The DNS tab lets you specify which DNS servers VPOP3 will use. DNS (Domain Name System) is a system which converts Internet host names (eg www.google.com) into a numeric IP address (eg 126.96.36.199), because all connections on the Internet are actually performed using numeric IP addresses, but it is easier for people to remember names.
VPOP3 uses DNS servers for several purposes: accessing spamfilter 'real time blacklists', connecting to remote servers, etc
The Current DNS Servers box, lets you see which DNS servers VPOP3 is currently using. This can be useful if you have told VPOP3 to detect the DNS servers automatically.
You cannot edit this box. If you want to change the current DNS servers, then enter them in the Manual DNS Server List box, and uncheck the Try to detect DNS servers automatically box.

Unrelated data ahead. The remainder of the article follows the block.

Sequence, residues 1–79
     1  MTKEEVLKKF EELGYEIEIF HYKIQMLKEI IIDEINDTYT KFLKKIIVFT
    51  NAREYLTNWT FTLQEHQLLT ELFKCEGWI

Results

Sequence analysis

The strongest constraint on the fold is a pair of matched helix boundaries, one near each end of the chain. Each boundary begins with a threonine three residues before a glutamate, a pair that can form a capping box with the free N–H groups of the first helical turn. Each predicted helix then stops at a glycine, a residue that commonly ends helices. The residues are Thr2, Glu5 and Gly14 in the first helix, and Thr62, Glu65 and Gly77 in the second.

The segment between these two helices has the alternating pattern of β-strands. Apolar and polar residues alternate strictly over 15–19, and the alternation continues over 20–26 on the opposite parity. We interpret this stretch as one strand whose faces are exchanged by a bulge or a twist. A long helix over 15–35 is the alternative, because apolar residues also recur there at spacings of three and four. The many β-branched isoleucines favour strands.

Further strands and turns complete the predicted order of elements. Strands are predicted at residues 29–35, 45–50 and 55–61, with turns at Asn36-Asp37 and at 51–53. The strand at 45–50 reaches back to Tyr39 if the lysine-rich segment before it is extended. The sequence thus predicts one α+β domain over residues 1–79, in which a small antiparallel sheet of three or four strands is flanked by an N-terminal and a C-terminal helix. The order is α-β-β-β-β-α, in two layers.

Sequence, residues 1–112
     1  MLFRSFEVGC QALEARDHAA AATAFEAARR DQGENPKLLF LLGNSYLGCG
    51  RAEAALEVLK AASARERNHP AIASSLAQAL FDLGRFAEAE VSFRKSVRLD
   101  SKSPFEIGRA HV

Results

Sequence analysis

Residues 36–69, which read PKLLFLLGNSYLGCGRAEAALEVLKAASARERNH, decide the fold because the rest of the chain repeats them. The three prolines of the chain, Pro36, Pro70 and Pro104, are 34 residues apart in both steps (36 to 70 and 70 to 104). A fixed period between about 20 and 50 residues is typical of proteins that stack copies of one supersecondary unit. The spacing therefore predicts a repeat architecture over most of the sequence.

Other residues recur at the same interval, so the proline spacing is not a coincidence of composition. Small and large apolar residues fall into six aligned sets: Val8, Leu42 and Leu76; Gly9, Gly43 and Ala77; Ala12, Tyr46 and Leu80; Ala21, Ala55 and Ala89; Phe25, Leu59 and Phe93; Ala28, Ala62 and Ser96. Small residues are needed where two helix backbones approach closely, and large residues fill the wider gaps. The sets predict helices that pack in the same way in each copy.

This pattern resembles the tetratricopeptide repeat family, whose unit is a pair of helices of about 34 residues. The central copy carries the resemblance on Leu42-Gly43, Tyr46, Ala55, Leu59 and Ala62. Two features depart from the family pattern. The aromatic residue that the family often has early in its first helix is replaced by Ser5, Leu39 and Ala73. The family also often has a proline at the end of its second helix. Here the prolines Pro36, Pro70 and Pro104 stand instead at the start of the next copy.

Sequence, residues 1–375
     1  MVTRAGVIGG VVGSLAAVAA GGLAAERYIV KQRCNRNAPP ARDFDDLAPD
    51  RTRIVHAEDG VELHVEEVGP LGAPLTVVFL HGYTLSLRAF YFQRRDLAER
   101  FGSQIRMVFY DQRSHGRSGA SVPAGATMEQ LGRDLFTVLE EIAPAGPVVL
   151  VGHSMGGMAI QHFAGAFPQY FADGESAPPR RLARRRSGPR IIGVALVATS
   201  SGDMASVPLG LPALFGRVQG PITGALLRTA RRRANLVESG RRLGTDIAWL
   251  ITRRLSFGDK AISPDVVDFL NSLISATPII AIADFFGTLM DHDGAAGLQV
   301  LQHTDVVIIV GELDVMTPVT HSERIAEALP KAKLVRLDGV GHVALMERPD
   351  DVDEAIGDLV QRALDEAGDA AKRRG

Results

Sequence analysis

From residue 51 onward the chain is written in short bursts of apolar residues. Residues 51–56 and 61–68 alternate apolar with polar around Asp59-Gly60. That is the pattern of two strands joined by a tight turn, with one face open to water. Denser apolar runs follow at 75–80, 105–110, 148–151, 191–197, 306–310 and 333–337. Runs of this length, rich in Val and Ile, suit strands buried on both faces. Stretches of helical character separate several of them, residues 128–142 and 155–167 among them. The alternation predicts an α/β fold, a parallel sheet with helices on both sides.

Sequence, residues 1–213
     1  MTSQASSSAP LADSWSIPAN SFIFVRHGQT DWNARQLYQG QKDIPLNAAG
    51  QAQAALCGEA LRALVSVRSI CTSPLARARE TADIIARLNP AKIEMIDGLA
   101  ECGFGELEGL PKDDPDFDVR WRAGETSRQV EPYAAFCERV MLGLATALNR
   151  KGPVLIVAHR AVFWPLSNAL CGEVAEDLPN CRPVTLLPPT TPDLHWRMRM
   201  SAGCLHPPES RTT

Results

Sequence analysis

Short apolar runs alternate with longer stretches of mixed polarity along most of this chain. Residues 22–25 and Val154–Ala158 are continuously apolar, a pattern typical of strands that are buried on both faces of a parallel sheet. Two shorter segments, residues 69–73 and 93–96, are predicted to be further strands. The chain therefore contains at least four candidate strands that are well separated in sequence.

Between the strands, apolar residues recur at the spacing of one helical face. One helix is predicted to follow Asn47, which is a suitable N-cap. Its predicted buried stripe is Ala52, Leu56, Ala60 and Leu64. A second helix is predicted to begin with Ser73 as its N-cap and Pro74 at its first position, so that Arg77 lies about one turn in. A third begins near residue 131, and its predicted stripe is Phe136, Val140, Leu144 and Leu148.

This box lets you specify your own list of DNS servers. To specify multiple DNS servers, separate them with commas.
If this box is checked, then VPOP3 will use the DNS servers which Windows is configured to use. Usually this will work OK, but if the DNS server used by Windows is a bit dodgy (eg on some cheap routers), then VPOP3's extensive use of the DNS service may cause issues, so in that case it may be worth using a different DNS server for VPOP3.
Note that if you have told VPOP3 to access a DNS server outside your LAN directly (eg Google's public DNS servers, or the OpenDNS servers), then you must make sure your router/firewall allows the DNS responses to come back to VPOP3. Most firewalls will do this, but some may not.
This page will periodically do a DNS lookup on a name which exists, and a name which does not exist, and show you the result and response times here.
The results should show 'DNS OK' - if an error is shown instead, then there is a problem with your DNS servers, and you may need to change some settings.
The results ideally should also show a response time of 500ms (half a second) or less. If the response time is more than this, then things like the spamfilter may timeout while waiting for responses for blacklist lookups, giving less accurate results. It will also slow down the processing of incoming mail.